Gameplay: 8 / 10
Graphics: 8 / 10
Replay Value: 9 / 10
Sound and Music: 9 / 10
I’ve seen Sea of Thieves around in the Xbox Store and it’s one of those games that always grabs my eye. It could be because I just watched the Pirates of the Carribean series with my kids, or it’s the highly stylised art direction that makes me think of Fortnite. Or it’s just the clever cover that uses the elements in the picture to create a skull… or does it? It’s probably a combination of them all. Either way, I was pleased as punch when I was asked to review it.
I did a bit of research on Sea of Thieves beforehand so I could prepare myself and what I got was it’s an MMORPG like Warcraft, but it’s also a sandbox open-world adventure game like LEGO Worlds, but it’s also like playing a tabletop RPG like Warcraft… but it also isn’t…
I honestly did not know what the hell this game is supposed to be. One of the game developers from RARE described it as a “shared world adventure game” (or SWAG for short) and that kind of makes sense.
What they have done is create an ecosystem that allows you to create your own story and develop it in a dynamic way as you play. As far as I can tell, there is no overriding objective or campaign or end goal. It’s literally a world you can escape to, find places and people, and get into trouble and look cool doing it, much like the real world.
There are no computer-generated characters, as far as I could tell. Every character you encounter is an actual person, and the potential of this literally has blown my mind. It’s been tried before, but every other example still leaves you feeling like you are being headed in a direction, an inevitable end goal. However, in Sea of Thieves you get the feeling that you are just a person in a world where you can do anything you want for as long as you want and you aren’t going to run into an NPC at some point who ‘has been waiting for you’ to make the story progress. How you choose to interact with the world will dictate what your adventure becomes.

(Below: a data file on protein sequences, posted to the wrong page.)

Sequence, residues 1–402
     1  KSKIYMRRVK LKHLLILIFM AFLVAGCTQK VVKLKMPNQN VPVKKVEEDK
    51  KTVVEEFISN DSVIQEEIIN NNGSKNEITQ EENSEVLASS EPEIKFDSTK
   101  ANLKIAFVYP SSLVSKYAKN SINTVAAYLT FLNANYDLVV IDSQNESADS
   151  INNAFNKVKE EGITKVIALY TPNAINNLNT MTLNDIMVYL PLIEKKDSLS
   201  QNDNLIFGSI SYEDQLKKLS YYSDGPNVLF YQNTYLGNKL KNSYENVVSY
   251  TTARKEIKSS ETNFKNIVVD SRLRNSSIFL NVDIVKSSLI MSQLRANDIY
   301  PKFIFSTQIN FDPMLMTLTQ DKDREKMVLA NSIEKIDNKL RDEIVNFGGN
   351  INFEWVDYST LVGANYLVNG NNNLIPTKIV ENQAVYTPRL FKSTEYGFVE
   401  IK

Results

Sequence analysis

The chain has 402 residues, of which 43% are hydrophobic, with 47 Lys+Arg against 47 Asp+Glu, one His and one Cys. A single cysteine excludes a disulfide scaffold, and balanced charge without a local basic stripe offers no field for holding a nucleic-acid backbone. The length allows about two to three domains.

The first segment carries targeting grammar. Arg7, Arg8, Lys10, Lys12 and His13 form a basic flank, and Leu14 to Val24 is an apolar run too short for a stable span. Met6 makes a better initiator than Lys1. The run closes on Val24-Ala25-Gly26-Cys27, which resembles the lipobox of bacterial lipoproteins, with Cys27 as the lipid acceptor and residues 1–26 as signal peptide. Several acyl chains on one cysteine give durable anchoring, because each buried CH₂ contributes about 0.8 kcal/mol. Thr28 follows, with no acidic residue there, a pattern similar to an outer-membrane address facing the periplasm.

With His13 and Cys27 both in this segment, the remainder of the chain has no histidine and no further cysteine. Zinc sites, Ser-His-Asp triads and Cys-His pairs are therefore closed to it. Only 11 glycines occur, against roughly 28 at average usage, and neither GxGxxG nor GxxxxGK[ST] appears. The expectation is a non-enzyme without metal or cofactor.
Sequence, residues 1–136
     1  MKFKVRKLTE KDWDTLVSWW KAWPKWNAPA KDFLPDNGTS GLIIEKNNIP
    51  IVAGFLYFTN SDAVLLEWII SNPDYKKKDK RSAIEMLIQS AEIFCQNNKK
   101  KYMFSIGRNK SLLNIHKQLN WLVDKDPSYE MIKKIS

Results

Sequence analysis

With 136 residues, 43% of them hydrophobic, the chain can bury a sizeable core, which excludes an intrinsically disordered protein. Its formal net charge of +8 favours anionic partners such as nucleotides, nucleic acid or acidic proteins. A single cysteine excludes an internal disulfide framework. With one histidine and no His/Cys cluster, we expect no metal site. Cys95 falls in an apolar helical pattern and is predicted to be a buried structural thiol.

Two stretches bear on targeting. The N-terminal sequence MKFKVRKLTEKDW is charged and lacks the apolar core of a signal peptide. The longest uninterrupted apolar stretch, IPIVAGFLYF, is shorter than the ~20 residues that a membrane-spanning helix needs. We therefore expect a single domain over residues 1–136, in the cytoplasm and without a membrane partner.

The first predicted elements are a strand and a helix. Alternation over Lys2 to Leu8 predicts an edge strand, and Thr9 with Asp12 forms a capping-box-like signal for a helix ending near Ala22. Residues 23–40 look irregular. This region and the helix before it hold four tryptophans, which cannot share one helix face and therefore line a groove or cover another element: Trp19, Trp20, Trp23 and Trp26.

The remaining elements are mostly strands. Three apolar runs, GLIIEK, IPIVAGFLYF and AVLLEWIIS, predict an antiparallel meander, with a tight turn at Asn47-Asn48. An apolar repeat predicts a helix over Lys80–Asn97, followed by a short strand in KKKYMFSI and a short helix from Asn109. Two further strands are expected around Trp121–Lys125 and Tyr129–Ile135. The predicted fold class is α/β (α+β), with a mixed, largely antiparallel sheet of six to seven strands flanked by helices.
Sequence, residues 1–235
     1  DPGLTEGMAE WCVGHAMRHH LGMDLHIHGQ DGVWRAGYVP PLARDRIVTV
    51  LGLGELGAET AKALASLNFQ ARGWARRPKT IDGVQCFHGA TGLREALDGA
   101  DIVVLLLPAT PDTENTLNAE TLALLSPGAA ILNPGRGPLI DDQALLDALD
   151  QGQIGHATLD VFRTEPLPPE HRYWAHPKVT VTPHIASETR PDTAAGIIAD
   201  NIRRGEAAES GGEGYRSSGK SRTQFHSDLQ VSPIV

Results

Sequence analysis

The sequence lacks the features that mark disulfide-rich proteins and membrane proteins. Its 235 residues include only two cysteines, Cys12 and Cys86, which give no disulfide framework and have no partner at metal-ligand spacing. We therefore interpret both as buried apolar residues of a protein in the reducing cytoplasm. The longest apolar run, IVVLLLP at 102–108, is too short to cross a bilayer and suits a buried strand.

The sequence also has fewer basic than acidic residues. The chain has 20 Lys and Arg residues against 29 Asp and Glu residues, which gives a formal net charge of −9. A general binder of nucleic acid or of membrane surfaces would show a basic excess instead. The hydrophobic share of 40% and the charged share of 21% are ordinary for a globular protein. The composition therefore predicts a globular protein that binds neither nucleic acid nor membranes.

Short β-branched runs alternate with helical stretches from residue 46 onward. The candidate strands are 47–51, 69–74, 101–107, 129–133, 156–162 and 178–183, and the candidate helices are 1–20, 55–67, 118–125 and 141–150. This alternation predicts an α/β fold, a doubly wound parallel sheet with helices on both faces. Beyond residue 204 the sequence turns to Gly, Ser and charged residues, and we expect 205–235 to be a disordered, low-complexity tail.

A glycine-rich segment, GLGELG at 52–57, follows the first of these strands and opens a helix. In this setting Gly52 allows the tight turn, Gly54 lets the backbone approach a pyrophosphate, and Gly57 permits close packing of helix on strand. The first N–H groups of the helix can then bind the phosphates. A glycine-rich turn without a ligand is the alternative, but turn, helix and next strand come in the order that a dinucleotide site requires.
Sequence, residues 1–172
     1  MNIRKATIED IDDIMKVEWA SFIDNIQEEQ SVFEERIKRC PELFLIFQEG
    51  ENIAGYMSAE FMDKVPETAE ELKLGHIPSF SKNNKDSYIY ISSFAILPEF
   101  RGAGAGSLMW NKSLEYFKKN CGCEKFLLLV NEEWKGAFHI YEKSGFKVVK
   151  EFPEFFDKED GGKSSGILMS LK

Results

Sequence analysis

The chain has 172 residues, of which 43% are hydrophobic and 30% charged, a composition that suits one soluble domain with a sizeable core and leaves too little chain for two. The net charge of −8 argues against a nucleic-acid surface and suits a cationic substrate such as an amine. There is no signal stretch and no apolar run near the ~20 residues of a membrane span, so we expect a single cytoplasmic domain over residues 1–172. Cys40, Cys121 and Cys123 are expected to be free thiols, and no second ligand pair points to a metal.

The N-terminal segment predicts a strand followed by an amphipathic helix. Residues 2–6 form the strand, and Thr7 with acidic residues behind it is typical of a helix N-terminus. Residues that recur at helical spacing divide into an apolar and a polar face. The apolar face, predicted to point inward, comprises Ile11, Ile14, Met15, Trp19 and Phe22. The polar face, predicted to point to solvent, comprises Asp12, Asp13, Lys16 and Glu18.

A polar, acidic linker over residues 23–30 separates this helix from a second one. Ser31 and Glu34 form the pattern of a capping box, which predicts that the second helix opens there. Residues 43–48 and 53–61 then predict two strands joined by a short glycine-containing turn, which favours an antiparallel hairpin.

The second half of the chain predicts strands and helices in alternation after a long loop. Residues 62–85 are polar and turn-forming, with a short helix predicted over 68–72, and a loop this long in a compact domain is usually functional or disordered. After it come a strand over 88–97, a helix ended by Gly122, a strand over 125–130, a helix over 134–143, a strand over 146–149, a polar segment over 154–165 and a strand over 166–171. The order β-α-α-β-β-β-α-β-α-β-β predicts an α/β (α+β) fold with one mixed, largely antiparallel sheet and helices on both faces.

There is literally no storyline that I can tell. I was expecting to start the game, be introduced to the world and what my objective is and then do some ‘controls orientation’ type stuff, but the closest you get is a choice of three Trading Companies, which are like factions in Fallout or guilds in Skyrim. They send you on voyages and each has a different flavour.
There’s the Gold Hoarders, which is the x-marks-the-spot type treasure hunt and, my favourite, the Order of Souls option where you need to go and battle the skeletons of great pirate crews of yore. Also, there’s the Merchant Alliance where you build up an economic empire by capturing and shipping livestock. You can jump between these 3 options as often you want, so you are not locked into one style of gameplay.
Building your reputation within each forms the Sea of Thieves’s level system, unlocking more challenging commissions and increasingly elaborate equipment as you do so. Rather brilliantly, while there’s a level restriction to buy certain quests, there’s no such cap on who you take with you. Any crew member can suggest a voyage during a meeting in their ship’s hold, meaning a high-ranking pirate can drop a rare quest and take complete beginners with them. Rewards are shared equally at the end, and I guess it’s a nice way to help give a noob a head start.